M.S. El Naschie answers a few questions about this month's emerging research front in field of Physics:
Article: A review of E infinity theory and the mass spectrum of high energy particle physics
Authors: El Naschie, MS
Journal: CHAOS SOLITON FRACTAL, 19: (1) 209-236, JAN 2004
POB 272, Surrey, England.
Univ Brussels, Solvay Inst, Brussels, Belgium.
Cairo Univ, Fac Sci, Dept Astrophys, Cairo, Egypt.
Univ Surrey, Dept Math, Sch Elect & Comp Sci, Guildford GU2 5XH, Surrey, England.
Why do you think your paper is highly cited?
I think there may be several reasons why this particular paper is highly cited. However, the main reason, which may apply to various papers that I have written in the field, is most probably connected to the subject itself. My paper brings together two fields that are rarely allowed to come together, even though they could benefit tremendously from cross-fertilization. The two subjects are high-energy particle physics on the one side and nonlinear dynamics, complexity theory, chaos, and fractals on the other. Leading particle physicists rarely have deep knowledge of fractals and nonlinear dynamics. To be candid, they rarely take this mathematical subject seriously. By contrast, people working in nonlinear dynamics and complexity theory are usually mathematicians and applied mechanicians dealing with classical physics with little, if any, interest in particle physics. There are of course exceptions, for instance, Nobel Laureate Gerrard ‘t Hooft who is, although very conservative, extremely open minded, which is quite a rare combination. Theoretical physicists are conservative by nature and it is important to be that way, but one also has to be open minded about things in maths which may seem at the beginning to be esoteric, such as the Cantor sets that I use. However, what could be more esoteric than the real outcome of real experiments in quantum particle physics. Another example of an experimentalist with enthusiasm for nonlinear dynamics and chaos is Nobel Laureate Gerd Binnig, who has encouraged me in many ways. I have intentionally omitted mentioning my teacher and mentor, the late Nobel Laureate Ilya Prigogine, because he was immersed in nonlinear dynamics and may have been biased towards it. Those are all the exceptions; the usual leading particle physicist is totally disinterested in chaos and fractals, and the usual leading nonlinear dynamacist usually applies his knowledge in classical fields and never has the time to be trained in particle physics. However, it is my belief as well as the belief of a growing minority that without an expertise in nonlinear dynamics, chaos, and fractals, the two excellent theories for quantum gravity, namely string theory and loop-quantum mechanics, will only partially solve the problem. Another reason for the high citation of my paper may be the review character and its somewhat informal user-friendly language as well as the many colored illustrations included.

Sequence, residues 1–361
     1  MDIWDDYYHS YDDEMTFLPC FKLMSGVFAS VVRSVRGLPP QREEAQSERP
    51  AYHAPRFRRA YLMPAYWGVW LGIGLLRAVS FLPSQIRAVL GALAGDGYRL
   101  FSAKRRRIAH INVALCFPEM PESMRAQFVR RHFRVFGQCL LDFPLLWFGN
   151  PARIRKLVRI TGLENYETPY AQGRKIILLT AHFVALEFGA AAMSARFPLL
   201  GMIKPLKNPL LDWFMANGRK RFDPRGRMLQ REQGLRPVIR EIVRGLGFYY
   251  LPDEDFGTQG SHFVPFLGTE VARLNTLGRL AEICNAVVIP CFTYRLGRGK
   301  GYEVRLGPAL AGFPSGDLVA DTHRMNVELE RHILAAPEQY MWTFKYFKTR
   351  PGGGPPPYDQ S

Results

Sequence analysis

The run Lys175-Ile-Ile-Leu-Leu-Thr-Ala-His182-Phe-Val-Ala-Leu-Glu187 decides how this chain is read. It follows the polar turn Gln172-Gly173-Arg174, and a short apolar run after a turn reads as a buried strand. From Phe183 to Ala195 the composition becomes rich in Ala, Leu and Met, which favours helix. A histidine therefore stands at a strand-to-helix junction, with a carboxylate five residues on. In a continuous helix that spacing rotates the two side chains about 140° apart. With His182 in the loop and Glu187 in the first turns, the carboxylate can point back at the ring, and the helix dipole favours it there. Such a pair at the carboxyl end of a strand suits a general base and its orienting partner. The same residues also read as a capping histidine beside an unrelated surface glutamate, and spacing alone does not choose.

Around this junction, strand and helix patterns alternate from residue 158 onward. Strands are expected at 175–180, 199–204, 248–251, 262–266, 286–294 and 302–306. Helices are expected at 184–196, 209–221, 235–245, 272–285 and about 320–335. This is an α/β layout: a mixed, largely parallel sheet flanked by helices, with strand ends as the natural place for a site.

Does it describe a new discovery or new methodology that’s useful to others?
Yes, the paper does describe new discoveries of new applications for chaos and fractals in the very unlikely area of high-energy particle physics. Using many methods and tools borrowed from complexity theory, chaos, and fractals, we can better understand the role of the symplictic vacuum in creating particles. In this way we understand the Higgs boson, quantum gravity, and the unification of all fundamental forces. Of course I am building on pioneering work done by many other people but the new ingredient, chaos and fractals, gave me a new geometry, and using this geometry we were in a position to understand, for instance, why we have so many particles and why the elementary particles have the masses they have.